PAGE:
In the current context, it is almost laughable (a feeling shared by the Navy’s top officer) that the US should feel even remotely threatened by China’s current and future naval plans (there are plans for China to develop a nuclear carrier by 2020, compared to the conventional ship currently under construction).  If we’re afraid of China why not be scared or India, Italy, or Thailand?

It’s no mystery that China’s sabre rattling whenever Taiwan pisses them off is just that: sabre rattling.  The US typically moves a carrier group into the Taiwan straight and that’s that.  China has no ability to invade Taiwan, mainly due to its lack of a credible Navy.  The PLA’s main attempt to advance against Taiwan forces as a spearhead towards island invasion operations in 1949 was crushed in part by a lack of troop landing vessels and this lesson has certainly stuck with PLA leadership.

The Stealth Fighter – Credible Threat?

The stealth fighter or bomber or whatever it actually will end up being is also in the category of “who cares”.  Its engine, like most of China’s engines, is produced by Russia, which means a vulnerable and non-domestic supply chain during wartime.  It’s large and can’t super-cruise, which means it’s short range.  This narrows its effective targets to Taiwan and maybe India, which are essentially China’s main military and geopolitical priorities.  A more realistic perspective would be to put both the carrier and stealth fighter into the “interesting research project” category.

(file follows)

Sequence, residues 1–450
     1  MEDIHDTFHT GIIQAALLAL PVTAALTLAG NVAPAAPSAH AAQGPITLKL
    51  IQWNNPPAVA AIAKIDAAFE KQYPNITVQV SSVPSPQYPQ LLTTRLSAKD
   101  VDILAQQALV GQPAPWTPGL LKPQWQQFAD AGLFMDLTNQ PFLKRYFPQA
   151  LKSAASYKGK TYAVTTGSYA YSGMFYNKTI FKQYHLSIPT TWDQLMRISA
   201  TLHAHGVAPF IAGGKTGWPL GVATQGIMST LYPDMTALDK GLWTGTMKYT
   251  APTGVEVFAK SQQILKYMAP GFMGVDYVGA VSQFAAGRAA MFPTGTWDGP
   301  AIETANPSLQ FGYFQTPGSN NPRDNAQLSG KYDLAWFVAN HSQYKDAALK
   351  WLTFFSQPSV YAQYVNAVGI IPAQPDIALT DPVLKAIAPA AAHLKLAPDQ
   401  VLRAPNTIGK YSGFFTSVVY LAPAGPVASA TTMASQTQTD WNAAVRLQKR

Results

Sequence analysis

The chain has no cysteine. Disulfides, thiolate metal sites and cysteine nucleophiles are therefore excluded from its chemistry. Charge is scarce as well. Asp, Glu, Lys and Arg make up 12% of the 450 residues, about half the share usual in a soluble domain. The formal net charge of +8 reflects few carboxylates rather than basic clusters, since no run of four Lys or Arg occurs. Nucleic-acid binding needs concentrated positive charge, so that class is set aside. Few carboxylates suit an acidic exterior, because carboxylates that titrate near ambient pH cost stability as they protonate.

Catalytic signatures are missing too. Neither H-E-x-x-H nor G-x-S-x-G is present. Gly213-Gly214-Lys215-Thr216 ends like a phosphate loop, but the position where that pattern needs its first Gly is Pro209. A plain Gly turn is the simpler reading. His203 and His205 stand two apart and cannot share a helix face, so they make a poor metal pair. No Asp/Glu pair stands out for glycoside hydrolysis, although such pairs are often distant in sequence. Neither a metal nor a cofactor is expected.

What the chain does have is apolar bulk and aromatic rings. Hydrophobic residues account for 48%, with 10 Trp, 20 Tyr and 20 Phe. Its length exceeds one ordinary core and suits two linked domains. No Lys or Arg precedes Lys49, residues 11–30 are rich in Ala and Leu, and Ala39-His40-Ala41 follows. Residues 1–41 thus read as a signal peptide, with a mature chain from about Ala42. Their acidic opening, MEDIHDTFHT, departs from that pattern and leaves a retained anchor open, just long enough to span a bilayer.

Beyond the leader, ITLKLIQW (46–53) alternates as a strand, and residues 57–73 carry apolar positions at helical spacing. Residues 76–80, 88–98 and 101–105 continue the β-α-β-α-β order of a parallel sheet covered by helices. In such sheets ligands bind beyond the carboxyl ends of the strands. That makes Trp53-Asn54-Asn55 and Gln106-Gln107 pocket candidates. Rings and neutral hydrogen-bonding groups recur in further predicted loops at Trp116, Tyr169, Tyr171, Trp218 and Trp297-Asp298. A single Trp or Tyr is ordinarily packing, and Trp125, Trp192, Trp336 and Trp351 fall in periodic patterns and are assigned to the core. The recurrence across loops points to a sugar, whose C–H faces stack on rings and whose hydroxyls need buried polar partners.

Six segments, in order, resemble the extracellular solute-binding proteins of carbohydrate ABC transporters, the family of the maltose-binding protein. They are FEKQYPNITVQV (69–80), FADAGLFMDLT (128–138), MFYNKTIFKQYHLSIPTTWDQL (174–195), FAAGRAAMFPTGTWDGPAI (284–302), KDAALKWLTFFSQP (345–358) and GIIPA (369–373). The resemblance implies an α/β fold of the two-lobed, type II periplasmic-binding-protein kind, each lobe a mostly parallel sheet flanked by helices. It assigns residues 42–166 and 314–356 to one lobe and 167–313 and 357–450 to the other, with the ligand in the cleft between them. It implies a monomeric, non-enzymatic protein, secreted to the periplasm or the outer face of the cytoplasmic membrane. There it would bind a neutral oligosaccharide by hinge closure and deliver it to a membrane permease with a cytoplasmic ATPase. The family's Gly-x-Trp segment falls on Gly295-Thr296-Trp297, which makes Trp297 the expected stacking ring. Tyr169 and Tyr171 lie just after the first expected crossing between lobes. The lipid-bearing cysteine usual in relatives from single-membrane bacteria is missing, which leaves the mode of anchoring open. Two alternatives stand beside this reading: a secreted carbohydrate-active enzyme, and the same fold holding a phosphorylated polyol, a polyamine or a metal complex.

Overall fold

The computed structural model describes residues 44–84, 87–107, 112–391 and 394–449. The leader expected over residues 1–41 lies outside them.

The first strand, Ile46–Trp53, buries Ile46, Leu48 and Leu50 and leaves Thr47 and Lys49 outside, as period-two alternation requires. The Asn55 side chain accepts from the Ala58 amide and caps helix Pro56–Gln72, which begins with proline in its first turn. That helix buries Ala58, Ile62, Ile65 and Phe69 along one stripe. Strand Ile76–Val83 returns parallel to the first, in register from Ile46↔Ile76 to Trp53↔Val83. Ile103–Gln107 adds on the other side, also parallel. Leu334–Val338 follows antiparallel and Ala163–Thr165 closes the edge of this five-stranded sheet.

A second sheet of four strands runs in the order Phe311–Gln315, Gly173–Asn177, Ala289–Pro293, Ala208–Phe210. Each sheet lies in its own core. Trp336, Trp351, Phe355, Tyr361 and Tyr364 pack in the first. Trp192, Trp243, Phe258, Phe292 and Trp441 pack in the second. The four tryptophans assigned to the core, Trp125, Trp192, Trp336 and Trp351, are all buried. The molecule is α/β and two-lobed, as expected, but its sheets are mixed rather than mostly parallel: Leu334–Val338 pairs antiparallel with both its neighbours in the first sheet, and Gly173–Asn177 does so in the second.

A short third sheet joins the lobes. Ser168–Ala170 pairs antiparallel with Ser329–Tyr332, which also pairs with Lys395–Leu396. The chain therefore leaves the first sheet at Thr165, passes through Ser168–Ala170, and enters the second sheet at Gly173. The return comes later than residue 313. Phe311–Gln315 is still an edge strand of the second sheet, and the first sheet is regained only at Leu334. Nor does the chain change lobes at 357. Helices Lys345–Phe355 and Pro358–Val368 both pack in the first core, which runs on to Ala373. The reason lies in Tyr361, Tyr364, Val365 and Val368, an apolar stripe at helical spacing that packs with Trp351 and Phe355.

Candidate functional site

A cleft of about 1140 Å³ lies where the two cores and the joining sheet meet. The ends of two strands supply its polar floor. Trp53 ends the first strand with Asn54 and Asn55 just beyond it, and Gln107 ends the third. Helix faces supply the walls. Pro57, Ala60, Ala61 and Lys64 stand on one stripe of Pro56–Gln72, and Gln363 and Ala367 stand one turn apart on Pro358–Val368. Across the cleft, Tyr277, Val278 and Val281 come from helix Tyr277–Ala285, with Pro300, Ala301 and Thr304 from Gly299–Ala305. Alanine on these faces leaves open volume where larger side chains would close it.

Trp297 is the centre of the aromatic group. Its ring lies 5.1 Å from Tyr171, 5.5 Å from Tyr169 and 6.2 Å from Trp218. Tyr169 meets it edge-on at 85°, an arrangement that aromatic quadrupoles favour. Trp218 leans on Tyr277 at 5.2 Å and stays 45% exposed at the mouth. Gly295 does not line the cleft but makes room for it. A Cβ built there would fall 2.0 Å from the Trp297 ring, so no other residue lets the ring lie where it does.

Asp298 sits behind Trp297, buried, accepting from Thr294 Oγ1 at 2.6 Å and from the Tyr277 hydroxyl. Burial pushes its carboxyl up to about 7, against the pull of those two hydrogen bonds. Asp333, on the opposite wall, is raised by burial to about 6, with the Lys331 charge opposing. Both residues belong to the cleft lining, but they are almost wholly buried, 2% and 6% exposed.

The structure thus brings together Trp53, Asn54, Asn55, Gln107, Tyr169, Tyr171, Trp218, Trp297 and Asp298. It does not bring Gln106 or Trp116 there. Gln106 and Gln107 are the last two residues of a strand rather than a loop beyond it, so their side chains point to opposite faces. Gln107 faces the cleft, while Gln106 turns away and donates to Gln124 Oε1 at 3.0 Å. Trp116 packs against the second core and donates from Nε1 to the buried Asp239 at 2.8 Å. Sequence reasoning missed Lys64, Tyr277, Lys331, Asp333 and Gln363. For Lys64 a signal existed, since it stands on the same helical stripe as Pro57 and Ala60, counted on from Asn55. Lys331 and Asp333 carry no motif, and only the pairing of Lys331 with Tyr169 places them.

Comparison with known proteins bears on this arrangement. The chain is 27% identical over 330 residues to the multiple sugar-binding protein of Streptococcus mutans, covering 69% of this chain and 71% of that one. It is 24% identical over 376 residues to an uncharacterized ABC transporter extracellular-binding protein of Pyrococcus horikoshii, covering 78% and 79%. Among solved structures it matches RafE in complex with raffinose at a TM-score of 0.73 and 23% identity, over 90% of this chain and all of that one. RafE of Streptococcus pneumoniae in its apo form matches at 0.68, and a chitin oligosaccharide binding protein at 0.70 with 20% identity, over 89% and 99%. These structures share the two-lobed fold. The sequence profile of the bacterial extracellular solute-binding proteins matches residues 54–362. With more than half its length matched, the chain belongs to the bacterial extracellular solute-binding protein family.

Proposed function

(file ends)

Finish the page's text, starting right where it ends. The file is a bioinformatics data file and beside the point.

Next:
Chinese Defense Spending

Finally, lets look at the defense spending of both countries.  The United States spends over 600 billion dollars per year on its military (this doesn’t include wartime expenses for our adventures in Iraq and Afghanistan).  China spends 98 billion per year.  The United States spends more than twice as much as a percentage of its GDP than China does.  Amazingly, America spends forty percent of the entire world’s defense expenditures.  We’re spending more than the next seventeen highest spending countries combined.  It’s an astronomical amount of money compared to China.